The ear is the most valuable instrument of the musician, it is also a very fragile organ. Exposed to strong sound intensities for long periods, the musician's ear is likely to deteriorate early.

Hearing loss most often occurs slowly and progressively in relation to the destruction of the ciliated cells. This is why we often don't become aware of it until it is too late. Hearing loss can be a result of normal aging of the ear that occurs between 50-60 years old, known as presbyacusis. However, it can also be due to repeated exposure to loud, intense sound.

Exposure to sound levels starting at 85 dB is considered to be a risk for the inner ear. Therefore, certain limits to exposure must be respected. For the musician as well as for those whose hearing loss is related to environmental noise, a loss will appear as a notch on the audiogram around 3000Hz-4000 Hz. This means that the ear loses auditory acuity at those levels.

Audiogram showing hearing loss at 3000 Hz.

This type of hearing loss is permanent, it reduces speech recognition and it can be a detriment to the musician's practice, at this point the only recourse is the use of a hearing aid. A reduction in hearing can also occur suddenly. For example, when one is exposed to high levels of intense sound greater than 110 dB. The best way for a musician to prevent this hearing loss is to use ear protection.

Image of a human ear with broken glass in front of it

It is an abnormal lowering of discomfort levels. Thus, all sounds even the weakest sounds in the most severe cases are perceived as painful, too loud. It is thought to be related to dysfunction of the central nervous system. Hyperacusis is very disabling, so it brings the patient to some isolation to protect himself from the noise. It may appear abruptly following acoustic trauma, including exposure to very loud sounds.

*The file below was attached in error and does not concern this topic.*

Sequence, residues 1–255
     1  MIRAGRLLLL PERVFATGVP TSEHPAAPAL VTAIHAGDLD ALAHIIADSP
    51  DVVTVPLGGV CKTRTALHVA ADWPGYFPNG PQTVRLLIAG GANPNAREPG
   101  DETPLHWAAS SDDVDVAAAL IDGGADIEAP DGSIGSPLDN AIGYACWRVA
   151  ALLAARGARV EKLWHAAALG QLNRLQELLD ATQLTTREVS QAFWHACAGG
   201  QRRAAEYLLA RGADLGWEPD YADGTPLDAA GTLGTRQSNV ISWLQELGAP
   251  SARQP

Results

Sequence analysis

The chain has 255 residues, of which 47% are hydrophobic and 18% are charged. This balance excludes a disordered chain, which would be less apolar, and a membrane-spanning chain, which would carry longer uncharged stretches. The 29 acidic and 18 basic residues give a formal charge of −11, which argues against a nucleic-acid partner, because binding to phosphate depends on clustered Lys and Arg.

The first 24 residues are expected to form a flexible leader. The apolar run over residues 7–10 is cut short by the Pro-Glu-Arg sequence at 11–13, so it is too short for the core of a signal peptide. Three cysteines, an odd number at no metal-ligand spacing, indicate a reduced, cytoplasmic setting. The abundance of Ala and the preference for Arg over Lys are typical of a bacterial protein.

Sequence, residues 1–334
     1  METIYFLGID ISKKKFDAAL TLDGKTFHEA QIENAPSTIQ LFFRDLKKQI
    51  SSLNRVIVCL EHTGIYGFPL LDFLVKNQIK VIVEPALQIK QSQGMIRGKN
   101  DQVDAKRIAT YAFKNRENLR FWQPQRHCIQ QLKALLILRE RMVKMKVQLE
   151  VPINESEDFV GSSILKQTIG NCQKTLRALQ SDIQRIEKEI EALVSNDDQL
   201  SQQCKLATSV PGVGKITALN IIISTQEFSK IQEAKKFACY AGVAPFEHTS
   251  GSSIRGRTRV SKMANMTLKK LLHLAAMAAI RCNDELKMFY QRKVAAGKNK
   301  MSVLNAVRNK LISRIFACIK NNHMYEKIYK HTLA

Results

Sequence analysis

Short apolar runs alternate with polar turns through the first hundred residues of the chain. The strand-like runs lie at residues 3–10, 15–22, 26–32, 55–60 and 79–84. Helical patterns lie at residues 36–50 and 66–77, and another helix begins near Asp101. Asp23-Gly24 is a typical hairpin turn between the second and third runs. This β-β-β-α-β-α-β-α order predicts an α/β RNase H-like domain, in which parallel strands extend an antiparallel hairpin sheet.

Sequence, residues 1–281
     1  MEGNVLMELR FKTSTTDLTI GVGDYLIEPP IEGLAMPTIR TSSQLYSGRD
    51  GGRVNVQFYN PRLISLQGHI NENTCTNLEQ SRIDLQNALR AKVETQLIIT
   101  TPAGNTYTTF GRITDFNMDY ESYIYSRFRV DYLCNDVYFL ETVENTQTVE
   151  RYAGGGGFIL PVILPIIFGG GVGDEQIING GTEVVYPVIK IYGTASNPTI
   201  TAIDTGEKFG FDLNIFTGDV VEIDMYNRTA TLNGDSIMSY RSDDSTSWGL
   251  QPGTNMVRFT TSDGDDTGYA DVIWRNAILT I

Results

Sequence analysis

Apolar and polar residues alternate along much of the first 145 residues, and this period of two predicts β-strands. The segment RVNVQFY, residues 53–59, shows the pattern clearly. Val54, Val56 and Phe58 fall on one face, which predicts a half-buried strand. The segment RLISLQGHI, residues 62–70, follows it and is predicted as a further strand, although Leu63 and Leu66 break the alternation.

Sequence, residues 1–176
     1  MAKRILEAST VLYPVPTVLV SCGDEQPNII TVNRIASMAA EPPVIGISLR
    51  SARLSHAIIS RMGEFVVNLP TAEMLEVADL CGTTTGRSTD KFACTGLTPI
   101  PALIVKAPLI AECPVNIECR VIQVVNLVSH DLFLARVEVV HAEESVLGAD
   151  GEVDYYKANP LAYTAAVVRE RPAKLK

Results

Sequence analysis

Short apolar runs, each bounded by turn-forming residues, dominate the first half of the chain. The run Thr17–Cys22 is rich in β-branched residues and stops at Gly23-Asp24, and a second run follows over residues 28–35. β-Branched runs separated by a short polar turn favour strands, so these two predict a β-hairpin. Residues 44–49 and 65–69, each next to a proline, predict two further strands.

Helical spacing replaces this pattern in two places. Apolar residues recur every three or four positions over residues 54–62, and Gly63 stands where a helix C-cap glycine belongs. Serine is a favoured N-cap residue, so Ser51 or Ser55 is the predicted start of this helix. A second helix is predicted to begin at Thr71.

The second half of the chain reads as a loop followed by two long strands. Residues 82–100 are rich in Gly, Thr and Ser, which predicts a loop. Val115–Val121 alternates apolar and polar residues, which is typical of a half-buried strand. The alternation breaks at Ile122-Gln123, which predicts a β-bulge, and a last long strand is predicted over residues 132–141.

Therapies are based on progressive rehabilitation to the world of sounds.

image of a man with three megaphone around his head

It is the fact of perceiving the same sound in the form of different heights between the two ears. For example, an "A" would be perceived at 440 Hz in the left ear and perceived at 480 Hz in the right ear. This hearing disorder can result from hearing loss and is particularly disabling for the musician

A tinnitus is a sound, whether it is a high pitch or low pitch, buzzing or whistling sound, perceived by the ear without any acoustic stimulation. One of the causes of onset of tinnitus is exposure to loud sounds. It can be temporary or permanent, and subjective, ie: heard only by the patient, or objective, ie: the caregiver is able to hear it with the help of a stethoscope for example. Objective tinnitus can often be cured but it is quite rare.

In most cases, tinnitus is subjective and originates in neuronal dysfunction. It can thus be linked to a loss of hearing resulting from a damage to the hair cells. Permanent tinnitus is difficult to treat and therapies rely heavily on relaxation techniques. Temporary tinnitus disappears after a few hours but should be considered as a precursor to hearing fatigue. Think about hearing protection.